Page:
Back in August 2013, the court ruled that the Authority abused its discretion and did not comply with Prop 1A. They erroneously approved a funding plan without the completion of the environmental work from Madera to the San Fernando Valley (Initial Operating Segment South [IOS]) and did not have the funding to complete this first required segment. This is a civil case known as the Prop 1A case (Tos/Fukuda/ Kings County) and here’s the article about the court ruling.
The court then asked both sides to submit briefs about how these violations might be addressed and suggest what remedy the court might impose on the Rail Authority correct the issues.
We’ve now heard from both the plaintiffs (Prop 1A-Tos/Fukuda/Kings County) and the defendants (the HSR Authority represented by the Attorney General’s office) The plaintiffs offered various actions that the court could take including invalidating the funding plan, invalidating construction contracts and possibly imposing a preliminary injunction designed to maintain the status quo until the court hears all the evidence. http://www.examiner.com/article/remedies-offered-to-get-the-train-on-the-right-track
The state’s brief failed to address any remedies that the court might use to “right the wrong.” Instead they told the court that indeed they could start construction since they were using only federal funds. They also argue that the FRA agreements say “ state match,” and not specifically Prop 1A funds as that match. According to the FRA funding agreement in force now, the state is required to start spending with “Prop1A catch up funds,” in the April 2014 timeframe. It’s tough for the state to argue they are not obligating state bond funds with that language. Check Pages 95-96 of the most current, the 5th edition of the FRA funding agreement. Note: It is possible that a new FRA agreement will be issued, loosened some of the previous requirements as they have done in the past.
In the original ruling the Court stated that prior to committing or expending bond funds for construction of the project, a second funding plan would have to be prepared.
The Rail Authority also disclosed in their brief filed two weeks ago, they have a credit that will count for their requirement to match federal dollars. The AG’s office contends the FRA will allow them to reach back as early as 1996 to categorize monies spent on the high-speed rail project as state matching funds. The first ARRA contract was signed in January 2010. Whether this concept will be allowed to stand or not, they still need cash. Spent money or credit from the past may be allowed to count toward the 50% state match, but it is still a problem when you need additional funding.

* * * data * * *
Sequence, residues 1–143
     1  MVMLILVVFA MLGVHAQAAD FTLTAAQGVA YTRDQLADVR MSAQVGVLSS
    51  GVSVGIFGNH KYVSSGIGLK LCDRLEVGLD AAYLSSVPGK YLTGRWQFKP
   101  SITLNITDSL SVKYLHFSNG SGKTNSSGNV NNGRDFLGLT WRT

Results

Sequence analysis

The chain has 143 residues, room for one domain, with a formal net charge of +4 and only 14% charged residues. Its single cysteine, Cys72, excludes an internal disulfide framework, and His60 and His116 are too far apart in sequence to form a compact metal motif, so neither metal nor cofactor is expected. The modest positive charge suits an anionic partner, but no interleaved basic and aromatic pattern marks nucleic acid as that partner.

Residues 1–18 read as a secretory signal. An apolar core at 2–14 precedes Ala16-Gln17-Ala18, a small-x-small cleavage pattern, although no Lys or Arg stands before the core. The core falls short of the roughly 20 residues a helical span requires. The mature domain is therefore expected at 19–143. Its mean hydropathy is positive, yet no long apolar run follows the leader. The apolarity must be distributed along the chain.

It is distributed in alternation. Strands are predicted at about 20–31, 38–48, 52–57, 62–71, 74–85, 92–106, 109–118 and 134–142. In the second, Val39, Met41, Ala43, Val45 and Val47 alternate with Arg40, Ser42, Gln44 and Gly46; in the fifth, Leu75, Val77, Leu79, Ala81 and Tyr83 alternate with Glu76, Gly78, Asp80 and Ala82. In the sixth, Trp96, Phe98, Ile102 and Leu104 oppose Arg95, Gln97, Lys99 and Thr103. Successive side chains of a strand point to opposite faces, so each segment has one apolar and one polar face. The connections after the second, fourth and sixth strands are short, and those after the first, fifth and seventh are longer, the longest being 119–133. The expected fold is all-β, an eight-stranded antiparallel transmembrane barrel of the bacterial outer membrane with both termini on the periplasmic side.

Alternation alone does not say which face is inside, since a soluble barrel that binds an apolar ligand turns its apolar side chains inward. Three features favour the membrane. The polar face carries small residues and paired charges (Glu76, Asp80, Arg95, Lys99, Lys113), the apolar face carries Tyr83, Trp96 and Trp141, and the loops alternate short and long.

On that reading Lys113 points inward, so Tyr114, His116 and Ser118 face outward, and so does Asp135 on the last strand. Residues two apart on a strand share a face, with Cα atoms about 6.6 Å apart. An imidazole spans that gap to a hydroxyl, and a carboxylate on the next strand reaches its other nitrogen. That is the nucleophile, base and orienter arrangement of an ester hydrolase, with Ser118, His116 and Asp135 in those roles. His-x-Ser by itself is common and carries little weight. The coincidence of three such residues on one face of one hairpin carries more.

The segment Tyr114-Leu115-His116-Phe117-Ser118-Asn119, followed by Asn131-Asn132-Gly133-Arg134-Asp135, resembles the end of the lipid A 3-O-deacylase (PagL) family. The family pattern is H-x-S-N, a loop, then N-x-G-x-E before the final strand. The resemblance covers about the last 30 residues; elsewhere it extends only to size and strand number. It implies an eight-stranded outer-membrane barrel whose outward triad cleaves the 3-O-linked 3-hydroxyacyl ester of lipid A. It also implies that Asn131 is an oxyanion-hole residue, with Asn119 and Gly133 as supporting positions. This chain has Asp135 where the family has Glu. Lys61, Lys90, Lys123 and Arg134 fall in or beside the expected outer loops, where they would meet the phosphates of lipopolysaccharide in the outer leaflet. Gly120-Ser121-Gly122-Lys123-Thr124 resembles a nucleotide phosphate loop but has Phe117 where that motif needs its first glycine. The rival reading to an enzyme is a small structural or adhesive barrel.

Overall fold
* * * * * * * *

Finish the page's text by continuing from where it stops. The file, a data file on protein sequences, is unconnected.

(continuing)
Also those past dollars many years ago were spent on many other segments between San Francisco and Los Angeles and it’s strange they can all apply to the Central Valley at this time.
Plaintiffs Last Word:
The plaintiffs had 15 days to respond after the Attorney General filed their remedies brief. They get the last word because they brought the suit. They believe the state must have misunderstood the court’s ruling and instructions since they offered no remedies. Regarding the AG’s brief, the plaintiffs believe there are omissions regarding the use of federal funding and guidelines concerning the use of that money.
And while the state went into great detail about how much money they spent, they did not disclose that ARRA funds have to be spent in the Fresno to Bakersfield segment, which is not yet environmentally cleared. The 130 miles the Authority wanted to build crosses two segments and has two environmental documents and so far it has only 26- 29 miles cleared.